Neurologist: COVID-19 can cause serious brain damage

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Dr. Fotuhi’s findings have been published in the Journal of Alzheimer’s Disease.

TYSONS, Va. (WDVM) – A Northern Virginia neurologist says his research has revealed that COVID-19’s effect on the nervous system can cause brain damage and patients’ long term symptoms should be studied more closely.

If COVID-19 survivors are hospitalized and are experiencing side effects like dizziness, stroke, paralysis, memory difficulties, difficulty speaking, difficulty walking, or weakness, Dr. Majid Fotuhi wants patients to undergo a brain MRI before leaving the hospital. He estimates about a third of patients that he’s studied have had a range of neurological side effects, but very few have had an MRI. 

“Doctors are worried about respiratory issues and people staying alive and so if they have neurological issues they sort of deal with them as secondary problems,” Fotuhi said.

Fotuhi found COVID causes brain damage in three stages: first, patients have difficulty with only smell and taste (more than 80 percent of the time symptoms resolve within a few weeks without interventions); second, patients have inflammation in the blood vessels that result in blood clots (those that develop in the brain can cause small or large strokes); and third, patients have damage to the blood vessels in the brain (blood vessels provide oxygen and nutrients to the brain) that cause blood and chemicals to leak into the brain, killing brain cells and causing seizures, confusion, or bleeds in the brain. This can lead to memory loss, confusion, cognitive impairments, and Alzheimer’s disease later in life.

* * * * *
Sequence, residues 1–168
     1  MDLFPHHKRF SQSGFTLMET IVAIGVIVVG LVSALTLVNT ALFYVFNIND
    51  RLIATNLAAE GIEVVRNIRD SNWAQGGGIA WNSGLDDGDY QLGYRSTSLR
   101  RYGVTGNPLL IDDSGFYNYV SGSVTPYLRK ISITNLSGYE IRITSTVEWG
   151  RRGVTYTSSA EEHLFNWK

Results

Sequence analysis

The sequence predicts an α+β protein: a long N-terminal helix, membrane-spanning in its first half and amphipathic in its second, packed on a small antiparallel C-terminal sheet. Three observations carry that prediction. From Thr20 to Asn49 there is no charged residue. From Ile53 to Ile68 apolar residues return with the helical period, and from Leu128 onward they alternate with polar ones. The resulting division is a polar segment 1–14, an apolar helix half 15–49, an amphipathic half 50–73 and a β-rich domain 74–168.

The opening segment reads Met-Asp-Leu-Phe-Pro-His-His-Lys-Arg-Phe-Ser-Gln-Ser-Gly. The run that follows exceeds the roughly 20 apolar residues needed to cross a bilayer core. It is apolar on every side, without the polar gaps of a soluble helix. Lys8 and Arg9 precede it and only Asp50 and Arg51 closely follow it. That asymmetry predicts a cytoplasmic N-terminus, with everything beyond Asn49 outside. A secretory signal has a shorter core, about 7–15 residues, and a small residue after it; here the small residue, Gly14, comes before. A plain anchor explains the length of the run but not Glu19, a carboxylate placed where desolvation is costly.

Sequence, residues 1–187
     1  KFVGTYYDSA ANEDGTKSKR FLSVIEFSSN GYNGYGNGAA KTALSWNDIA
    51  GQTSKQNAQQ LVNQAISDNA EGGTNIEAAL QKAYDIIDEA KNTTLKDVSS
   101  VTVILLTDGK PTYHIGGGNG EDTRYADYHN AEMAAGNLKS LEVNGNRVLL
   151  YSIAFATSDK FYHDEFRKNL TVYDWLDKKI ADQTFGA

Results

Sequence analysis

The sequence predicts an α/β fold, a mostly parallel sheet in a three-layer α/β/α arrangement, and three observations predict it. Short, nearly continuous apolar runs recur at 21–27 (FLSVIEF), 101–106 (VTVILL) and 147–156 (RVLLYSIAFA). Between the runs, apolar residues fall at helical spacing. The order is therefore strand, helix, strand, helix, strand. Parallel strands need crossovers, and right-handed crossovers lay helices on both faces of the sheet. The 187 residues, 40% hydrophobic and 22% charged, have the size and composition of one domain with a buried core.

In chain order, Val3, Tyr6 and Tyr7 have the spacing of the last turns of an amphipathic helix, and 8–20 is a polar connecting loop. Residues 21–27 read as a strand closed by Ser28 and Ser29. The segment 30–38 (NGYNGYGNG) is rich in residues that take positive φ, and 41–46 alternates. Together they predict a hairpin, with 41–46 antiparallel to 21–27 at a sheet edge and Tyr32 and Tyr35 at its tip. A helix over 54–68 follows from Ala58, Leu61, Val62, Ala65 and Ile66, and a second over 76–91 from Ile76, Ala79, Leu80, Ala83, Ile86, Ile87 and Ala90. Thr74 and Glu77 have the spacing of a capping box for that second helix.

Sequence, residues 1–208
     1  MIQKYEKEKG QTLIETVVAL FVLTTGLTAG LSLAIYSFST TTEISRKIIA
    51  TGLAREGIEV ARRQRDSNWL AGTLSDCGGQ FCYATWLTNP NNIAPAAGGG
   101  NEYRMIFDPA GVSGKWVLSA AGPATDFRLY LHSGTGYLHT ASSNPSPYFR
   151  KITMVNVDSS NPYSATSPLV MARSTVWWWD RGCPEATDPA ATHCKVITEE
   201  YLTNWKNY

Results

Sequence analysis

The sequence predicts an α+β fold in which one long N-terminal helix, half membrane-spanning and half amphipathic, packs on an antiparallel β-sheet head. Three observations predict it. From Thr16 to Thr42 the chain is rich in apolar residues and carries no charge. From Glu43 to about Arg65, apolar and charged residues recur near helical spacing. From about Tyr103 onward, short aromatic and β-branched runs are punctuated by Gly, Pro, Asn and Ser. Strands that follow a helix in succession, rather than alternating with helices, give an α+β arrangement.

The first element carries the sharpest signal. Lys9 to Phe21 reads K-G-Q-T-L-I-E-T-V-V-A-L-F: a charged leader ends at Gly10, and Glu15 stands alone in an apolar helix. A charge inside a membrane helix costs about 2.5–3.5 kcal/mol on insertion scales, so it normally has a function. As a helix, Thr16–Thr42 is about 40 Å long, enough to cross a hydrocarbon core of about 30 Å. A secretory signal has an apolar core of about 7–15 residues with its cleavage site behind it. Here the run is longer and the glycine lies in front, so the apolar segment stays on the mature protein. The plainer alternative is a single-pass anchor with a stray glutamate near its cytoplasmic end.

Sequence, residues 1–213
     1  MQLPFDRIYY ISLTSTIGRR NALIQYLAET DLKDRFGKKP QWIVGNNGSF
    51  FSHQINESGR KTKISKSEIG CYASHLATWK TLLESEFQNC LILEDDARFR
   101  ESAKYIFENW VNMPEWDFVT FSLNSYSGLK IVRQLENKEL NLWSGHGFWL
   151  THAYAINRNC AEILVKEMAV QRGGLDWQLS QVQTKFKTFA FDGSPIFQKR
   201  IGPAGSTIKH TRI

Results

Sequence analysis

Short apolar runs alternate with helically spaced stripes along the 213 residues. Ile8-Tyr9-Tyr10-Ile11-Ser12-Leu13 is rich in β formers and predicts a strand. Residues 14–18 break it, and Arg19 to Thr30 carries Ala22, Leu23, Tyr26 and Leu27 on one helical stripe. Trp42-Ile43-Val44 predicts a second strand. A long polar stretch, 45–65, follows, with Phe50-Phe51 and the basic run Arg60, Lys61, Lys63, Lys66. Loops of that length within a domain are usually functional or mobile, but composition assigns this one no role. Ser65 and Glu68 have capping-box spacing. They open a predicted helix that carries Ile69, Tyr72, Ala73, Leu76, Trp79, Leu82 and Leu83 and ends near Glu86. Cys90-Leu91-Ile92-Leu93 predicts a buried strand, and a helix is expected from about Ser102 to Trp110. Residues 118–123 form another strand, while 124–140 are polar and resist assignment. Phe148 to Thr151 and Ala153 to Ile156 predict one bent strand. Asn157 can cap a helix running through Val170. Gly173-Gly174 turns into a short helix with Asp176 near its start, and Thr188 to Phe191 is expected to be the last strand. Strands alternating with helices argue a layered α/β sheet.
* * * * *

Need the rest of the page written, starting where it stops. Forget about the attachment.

Courtesy: Majid Fotuhi
MRI A: balance affected. MRI B: decision making and processing information and attention is affected. MRI C: emotions are affected. May develop depression, OCD or bipolar disorder. MRI D: memory affected. May develop Alzheimer’s disease. MRI E: balance and equilibrium affected. MRI F: difficulty thinking, confusion.

That’s why Fotuhi says early intervention is so important. “We know that, for example, when patients are in neuro-COVID stage two and have strokes, we can treat them with blood thinners and we can provide things for them such as vigorous exercise and brain stimulation to help people improve their brain function.”

“When patients don’t know these things, the symptoms linger. So they struggle and they struggle and they struggle. They may lose their job, but this may also affect their relationship,” Fotuhi said. “So, the husband may think that you don’t love him as much because you don’t do things for him as much as you used to or you may be impatient and argue and your spouse won’t know these are the consequences of COVID-19.” 

Fotuhi is the director of the NeuroGrow Brain Fitness Center, which can treat COVID-19 survivors who are facing neurological side effects. “We do provide treatment for patients who have memory loss due to aging or due to concussion and we have an intensive program that includes brain training [and] an emphasis on diet and exercise,” he said. 

Dr. Fotuhi’s findings have been published in the Journal of Alzheimer’s Disease. 

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